Please do not use quotation marks. Use your own words to introduce the quotation, followed by a colon (if you have written a complete sentence) or a comma if you use a phrase such as "according to" along with the author's name. Finish with a full stop and the footnote number. The end of your essay should also include these punctuation marks.
An exact quote should be in quotation marks (""), or a block quotation should be used if the quotation is 40 words or more. Then, just after the quotation, you include an In-Text Citation to identify where the quote originated from.
Begin the quotation with your own phrase. Finish with a colon, followed by the quotation. "My father's father lived in a time of war: 'There was no such thing as peace.' This saying is often attributed to Genghis Khan, but it is not known where he said it. For another example, here is Abraham Lincoln: 'The only thing we have to fear is fear itself.'" You can also begin and end a quotation this way when quoting multiple people.
It is good practice to provide source information for quotations you use in essays or reports. This shows that what you are quoting is real people and events and not your own ideas. It is also helpful if you cite books, articles, movies, or websites that contain more information about the subject matter of your paper.
When citing sources, it is best to give full names for individuals or organizations, even if you know them only by their initials. This will help others find the information later if they are interested in reading more about these people or groups.
Finally, remember to be polite when quoting other people. Even if you think what they say is stupid or wrong, still quote them respectfully. That shows that you respect other people's views even if you disagree with them.
Direct quotations are often used in the midst of a paragraph. Use quotation marks at the beginning and end of each quote, use the exact words from the original text, and identify your source, otherwise your work may be deemed plagiarism. Quotations can also be included in paragraphs without using quotation marks if the sentence containing the quotation is independent of other sentences in the paragraph. For example, this sentence is acceptable because it provides a relevant detail about the topic: "For example, while the first three chapters discuss different types of arguments, chapter 4 focuses on just one argument type - the logical argument."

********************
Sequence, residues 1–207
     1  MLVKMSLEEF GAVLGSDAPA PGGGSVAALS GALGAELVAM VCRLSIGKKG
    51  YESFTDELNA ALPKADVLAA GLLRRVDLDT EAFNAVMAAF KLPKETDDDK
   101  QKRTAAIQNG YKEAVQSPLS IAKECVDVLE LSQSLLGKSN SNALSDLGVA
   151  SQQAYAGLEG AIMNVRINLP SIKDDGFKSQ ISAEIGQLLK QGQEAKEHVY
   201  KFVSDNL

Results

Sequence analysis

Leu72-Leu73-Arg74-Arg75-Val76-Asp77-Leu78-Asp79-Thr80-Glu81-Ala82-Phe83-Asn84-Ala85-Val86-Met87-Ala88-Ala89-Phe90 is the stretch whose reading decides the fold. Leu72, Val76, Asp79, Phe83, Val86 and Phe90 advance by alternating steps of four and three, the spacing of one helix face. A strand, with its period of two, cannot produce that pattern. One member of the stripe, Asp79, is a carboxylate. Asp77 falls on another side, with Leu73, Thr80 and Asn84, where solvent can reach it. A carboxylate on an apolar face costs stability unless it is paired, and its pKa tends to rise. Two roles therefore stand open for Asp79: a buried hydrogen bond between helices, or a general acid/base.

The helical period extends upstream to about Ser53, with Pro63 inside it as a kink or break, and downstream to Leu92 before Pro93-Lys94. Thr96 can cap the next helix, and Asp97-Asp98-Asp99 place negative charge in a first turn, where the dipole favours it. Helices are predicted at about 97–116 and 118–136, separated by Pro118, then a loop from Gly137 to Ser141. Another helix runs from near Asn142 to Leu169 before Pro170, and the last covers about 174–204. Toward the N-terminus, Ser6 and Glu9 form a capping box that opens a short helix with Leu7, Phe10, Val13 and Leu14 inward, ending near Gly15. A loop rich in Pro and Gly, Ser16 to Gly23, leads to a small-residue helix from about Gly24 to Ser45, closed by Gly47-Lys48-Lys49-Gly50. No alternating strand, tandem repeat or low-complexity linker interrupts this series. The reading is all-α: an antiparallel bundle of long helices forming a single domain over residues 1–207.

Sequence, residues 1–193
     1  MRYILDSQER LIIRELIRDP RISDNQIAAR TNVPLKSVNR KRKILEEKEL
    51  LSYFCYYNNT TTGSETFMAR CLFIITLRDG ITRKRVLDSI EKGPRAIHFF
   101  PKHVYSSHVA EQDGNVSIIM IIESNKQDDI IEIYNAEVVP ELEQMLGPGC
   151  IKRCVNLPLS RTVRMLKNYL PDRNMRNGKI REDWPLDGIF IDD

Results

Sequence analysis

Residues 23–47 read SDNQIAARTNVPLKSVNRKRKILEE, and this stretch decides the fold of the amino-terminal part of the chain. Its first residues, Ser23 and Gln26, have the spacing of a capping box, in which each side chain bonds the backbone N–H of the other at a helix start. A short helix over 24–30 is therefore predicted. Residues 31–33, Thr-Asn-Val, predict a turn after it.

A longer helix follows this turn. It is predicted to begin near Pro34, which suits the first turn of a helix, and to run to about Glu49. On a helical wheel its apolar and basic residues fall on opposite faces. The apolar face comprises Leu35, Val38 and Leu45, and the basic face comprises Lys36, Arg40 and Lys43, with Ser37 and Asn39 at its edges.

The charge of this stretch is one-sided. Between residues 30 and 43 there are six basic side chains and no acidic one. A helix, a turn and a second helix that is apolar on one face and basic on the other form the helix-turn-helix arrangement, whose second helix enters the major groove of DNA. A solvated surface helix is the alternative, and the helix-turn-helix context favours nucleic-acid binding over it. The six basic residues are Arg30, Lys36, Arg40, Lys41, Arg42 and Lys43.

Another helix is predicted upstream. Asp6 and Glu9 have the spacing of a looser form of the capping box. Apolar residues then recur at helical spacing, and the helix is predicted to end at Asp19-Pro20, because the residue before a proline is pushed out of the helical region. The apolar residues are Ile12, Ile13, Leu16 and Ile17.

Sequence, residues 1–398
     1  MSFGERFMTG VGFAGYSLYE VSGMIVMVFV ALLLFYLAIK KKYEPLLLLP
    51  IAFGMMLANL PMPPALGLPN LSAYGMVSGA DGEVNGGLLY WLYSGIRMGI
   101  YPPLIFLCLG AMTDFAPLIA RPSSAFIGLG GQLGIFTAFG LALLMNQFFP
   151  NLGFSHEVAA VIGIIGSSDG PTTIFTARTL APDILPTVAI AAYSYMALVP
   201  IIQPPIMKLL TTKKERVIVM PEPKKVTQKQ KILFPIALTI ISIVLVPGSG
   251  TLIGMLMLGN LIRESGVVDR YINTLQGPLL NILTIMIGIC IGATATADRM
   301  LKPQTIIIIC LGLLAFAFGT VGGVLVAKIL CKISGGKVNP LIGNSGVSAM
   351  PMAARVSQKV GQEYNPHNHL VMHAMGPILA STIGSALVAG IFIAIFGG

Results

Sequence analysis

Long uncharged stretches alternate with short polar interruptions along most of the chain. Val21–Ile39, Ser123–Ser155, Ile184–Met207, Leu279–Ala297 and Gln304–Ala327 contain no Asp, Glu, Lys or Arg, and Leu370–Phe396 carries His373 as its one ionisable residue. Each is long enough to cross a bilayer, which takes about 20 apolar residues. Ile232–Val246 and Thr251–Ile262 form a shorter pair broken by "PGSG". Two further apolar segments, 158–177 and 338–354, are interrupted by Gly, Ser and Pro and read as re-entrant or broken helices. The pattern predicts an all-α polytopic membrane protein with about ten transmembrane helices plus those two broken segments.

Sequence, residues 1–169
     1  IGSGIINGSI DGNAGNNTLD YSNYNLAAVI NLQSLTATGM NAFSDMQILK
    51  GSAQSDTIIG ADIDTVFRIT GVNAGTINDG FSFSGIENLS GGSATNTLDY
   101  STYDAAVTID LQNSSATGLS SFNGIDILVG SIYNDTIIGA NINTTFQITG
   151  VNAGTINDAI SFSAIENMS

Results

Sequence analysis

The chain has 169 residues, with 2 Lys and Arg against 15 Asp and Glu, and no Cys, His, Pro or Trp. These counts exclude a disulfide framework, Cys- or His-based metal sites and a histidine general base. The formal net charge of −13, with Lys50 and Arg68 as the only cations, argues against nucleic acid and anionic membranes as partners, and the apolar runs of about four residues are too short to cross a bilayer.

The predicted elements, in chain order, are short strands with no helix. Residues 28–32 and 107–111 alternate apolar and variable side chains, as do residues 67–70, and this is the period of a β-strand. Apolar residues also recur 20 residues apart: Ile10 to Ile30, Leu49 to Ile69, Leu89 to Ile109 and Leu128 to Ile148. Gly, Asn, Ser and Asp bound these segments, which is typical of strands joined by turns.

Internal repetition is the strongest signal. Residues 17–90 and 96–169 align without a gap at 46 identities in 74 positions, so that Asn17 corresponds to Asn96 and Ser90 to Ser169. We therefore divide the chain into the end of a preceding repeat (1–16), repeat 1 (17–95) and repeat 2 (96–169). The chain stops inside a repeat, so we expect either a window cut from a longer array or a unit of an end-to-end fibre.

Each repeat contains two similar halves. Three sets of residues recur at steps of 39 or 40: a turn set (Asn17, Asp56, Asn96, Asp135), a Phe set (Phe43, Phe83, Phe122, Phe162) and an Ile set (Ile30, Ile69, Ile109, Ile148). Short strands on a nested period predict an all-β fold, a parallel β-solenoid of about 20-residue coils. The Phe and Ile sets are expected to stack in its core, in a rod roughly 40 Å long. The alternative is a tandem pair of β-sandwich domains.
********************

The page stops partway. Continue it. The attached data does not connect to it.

Indirect quotations are paraphrases or summaries of texts or ideas. When writing about someone else's idea or concept, it is common to use indirect quotations. Indirect quotations cannot be used as their own separate piece of writing but rather serve as a summary or paraphrase of the original text. For example, if I were to write about John Stuart Mill's view on liberty, I might use this statement as an indirect quotation: "Mill argued that liberty requires security, which can only be achieved through law and authority."
Academic essays often include examples to help readers understand the topic being discussed. These examples may come directly from primary sources such as books or articles, or they may be derived from secondary sources such as Wikipedia or other online dictionaries.
When utilizing a direct quote from a source, provide the author's family name, the year of publication, and the page number in round brackets, and surround the direct quote with single quotation marks. The author's name might also be used elsewhere in the phrase. For example: "John F. Kennedy said," "Mahatma Gandhi said," or "Pope Benedict XVI said."
Also, refer to the source directly whenever possible. So, for example, instead of writing, "According to John Kennedy," write "John F. Kennedy." Similarly, instead of saying "Obama noted that Roosevelt had similar concerns when he was president," say "Obama cited Roosevelt as having similar concerns when he was president."
Sources should be referenced in the text of your paper, not just at the end. In addition, sources include books, magazines, newspapers, and websites. Do not copy and paste material from outside sources without including references. If you use someone else's words or ideas without giving them credit, you will probably be forced to rewrite part of your paper.
Harvard style requires that each source have a complete title (including author's name) and address information available at the end of your paper. If you don't know the exact title of the source, think about what aspect of the topic it covers and look for clues in the text.
Before you utilize the knowledge, tell the audience where you got it (the opposite of in-text citations). Instead, employ small pauses. Provide enough information about each source so that your viewers may locate them with minimal effort. For example, if the source is well-known, then mention its author and date.
Quotes inside quotes: For quotes within quotes, use single quote marks for the internal quote, including opening and closing. If both quotations ended together, you'd have a single quote mark and two double quote marks. "The surgeon described it as "simply a simple approach," he claimed. "It's like removing a tooth.
Quotations outside quotes: Use double quote marks for quotations that aren't part of a quoted phrase or sentence. "He said that women lead men down the path to extinction", she told her friend.
When directly quoting from a text, mention the author's name, publication year, and page number (preceded by "p."). Method 1: Begin the quotation with a signal phrase that includes the author's last name, followed by the publication year in parentheses. Method 2: Beginning a quotation with the word "that" is common when referring to a statement or opinion in the same document. This is called indirect speech.